India: Empowering flood affected women through agriculture and work

By Rina Chunder, ACT International

Kendrapara, India. May 15, 2007. Life is hard for Jyotsna Pradhan. When her husband deserted her she was left to care for her elderly mother and her 4-year-old daughter. Most people in her village are poor and regular work is very hard to find. This past fall, life became even more difficult when heavy flooding struck her village in Orissa, India.

The downpour deepened the suffering and poverty that many families were already experiencing. Many mud homes were swept away and potential farmland was polluted with salt and covered with 2 to 3 feet of sand (0.61 to 0.91 meters). In response to the situation on the ground, ACT members, Lutheran World Service India (LWSI) and DanChurchAid (DCA), are working together to support affected families in the Kendrapara and Jajpur districts of Orissa, India with financial support from the European Community Humanitarian Office (ECHO).

Jyotsna is not alone in her struggle to survive. At the age of fourteen, Redoni Mahapatra found herself in an abusive marriage. She was not given any food and out of sheer desperation she started eating poultry bones for survival. Her in-laws drove her out of their house saying she had gone mad and she went to stay with her parents. Her parents have since died and now she is on her own, struggling to work and persevere in very challenging circumstances.

Many other women, young and old, are enduring their own hardship and pain. Kamala Nayak is a 37-year-old widow. She has four daughters, of whom the eldest is deaf and mute. She tried to make ends meet by working as an agricultural laborer. However, she lost that work after last year's floods. She and her daughters are barely managing to stay alive with help from Kamala's father who also is poor.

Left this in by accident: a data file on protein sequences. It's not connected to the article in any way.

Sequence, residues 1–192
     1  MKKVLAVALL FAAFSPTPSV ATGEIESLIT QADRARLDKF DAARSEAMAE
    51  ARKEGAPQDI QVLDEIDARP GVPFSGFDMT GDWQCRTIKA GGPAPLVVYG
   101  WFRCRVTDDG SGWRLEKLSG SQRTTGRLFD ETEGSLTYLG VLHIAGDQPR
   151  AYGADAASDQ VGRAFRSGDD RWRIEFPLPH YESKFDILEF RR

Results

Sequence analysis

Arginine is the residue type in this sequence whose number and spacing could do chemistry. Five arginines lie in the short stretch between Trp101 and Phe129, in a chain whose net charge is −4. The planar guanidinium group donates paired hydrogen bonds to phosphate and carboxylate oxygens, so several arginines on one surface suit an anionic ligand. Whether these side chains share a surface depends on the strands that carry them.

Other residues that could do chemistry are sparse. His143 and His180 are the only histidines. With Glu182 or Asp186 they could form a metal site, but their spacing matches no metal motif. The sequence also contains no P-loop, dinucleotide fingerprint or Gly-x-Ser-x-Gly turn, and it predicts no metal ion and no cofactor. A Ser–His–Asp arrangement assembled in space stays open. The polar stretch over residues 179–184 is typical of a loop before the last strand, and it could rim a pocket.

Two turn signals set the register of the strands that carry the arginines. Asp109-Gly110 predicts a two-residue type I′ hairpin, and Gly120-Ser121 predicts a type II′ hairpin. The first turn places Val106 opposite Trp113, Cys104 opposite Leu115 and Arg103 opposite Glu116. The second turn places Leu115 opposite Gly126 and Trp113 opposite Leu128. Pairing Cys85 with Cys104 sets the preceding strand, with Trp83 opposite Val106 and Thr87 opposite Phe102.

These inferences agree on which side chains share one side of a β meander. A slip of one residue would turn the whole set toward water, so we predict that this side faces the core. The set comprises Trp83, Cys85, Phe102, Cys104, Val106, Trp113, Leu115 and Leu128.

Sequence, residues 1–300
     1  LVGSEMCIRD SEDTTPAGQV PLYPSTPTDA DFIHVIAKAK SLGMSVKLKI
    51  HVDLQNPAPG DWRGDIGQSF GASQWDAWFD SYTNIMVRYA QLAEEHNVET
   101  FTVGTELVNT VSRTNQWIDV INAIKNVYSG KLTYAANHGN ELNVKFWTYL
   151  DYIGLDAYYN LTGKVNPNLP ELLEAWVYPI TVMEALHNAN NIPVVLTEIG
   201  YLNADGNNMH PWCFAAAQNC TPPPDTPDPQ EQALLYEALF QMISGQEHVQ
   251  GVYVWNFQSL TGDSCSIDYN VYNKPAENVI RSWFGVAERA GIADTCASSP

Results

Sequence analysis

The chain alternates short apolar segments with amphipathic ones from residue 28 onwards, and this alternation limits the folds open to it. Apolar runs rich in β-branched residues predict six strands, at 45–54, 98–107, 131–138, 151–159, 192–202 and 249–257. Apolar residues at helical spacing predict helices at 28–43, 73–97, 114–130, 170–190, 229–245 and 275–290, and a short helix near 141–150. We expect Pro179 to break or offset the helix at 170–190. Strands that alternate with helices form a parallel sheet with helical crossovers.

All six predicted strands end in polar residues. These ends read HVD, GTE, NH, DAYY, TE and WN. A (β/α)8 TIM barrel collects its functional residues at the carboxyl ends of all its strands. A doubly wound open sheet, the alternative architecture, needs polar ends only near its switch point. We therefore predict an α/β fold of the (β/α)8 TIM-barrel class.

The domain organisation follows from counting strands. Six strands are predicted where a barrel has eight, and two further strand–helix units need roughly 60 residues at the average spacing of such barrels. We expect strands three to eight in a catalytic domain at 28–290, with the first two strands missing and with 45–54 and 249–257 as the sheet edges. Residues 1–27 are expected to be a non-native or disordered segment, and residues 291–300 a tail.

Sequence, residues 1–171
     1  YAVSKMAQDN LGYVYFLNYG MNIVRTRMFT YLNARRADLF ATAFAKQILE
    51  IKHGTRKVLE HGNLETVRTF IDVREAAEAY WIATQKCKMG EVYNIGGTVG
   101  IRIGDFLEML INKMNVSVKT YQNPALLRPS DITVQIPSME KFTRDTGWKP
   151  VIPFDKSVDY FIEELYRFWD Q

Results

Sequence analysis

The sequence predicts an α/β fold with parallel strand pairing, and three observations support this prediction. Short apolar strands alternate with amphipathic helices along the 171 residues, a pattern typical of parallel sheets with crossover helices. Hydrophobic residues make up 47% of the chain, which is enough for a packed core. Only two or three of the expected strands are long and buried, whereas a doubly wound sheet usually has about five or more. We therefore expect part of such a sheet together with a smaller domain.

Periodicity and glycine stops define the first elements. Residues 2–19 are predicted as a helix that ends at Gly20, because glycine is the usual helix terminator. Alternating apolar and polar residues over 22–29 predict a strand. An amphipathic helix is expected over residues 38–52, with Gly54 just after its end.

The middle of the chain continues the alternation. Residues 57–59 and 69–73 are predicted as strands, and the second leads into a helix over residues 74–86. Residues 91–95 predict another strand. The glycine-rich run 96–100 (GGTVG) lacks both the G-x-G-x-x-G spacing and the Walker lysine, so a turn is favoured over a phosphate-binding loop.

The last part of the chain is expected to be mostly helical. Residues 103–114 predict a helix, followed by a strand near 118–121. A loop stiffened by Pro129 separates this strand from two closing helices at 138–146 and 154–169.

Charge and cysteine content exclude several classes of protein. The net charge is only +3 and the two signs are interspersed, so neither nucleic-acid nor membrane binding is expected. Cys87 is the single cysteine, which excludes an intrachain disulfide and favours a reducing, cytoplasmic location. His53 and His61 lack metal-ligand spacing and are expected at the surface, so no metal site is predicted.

Families are being assisted through projects including housing construction and rehabilitation, safe water and sanitation, agriculture support and food security, through Food for Work programs. LWSI and DCA plan to provide housing assistance and sanitation facilities to 500 families whose homes were damaged or destroyed by the floods. Twelve tube wells are also being installed to provide safe drinking water to affected communities. In addition, 70 metric tons of groundnut seeds are being distributed for agriculture projects and future income generation.

At the young age of 24, Suprabha Behra is fully responsible for her entire family. Some days she was able to find a meager wage by cleaning cow manure from farmers' homes and yet other days she was forced to the streets to beg. She cares for her parents, who are both paralyzed, and for her brother, who suffers from mental disabilities. She was on her own, trying to persevere in very difficult circumstances worsened by the recent flood, but now she has found work through the Food for Work projects by LWSI and DCA.

The Food for Work program was designed to give workers the opportunity to work for 15 days and receive food grains for 45 days. The projects not only assisted with future income generation possibilities, but also contributed to local infrastructure that supports the entire community. Roads were constructed that link small villages, and irrigation tanks were excavated to support local agriculture. Through the program LWSI and DCA are distributing close to 400 metric tons of rice and other grains.

While the needs are still great, both ACT members are committed to the successful completion of the ECHO funded programs. Their partnership with the local communities in the Kendrapara and Jajpur districts of Orissa is making a tangible difference in the lives of women and their families.

Everyday Jyotsna still has to care for her daughter and mother, but in the midst of her situation, she has found hope for the future. "Now I can sleep at night without having to worry about work the next day." And, work means life.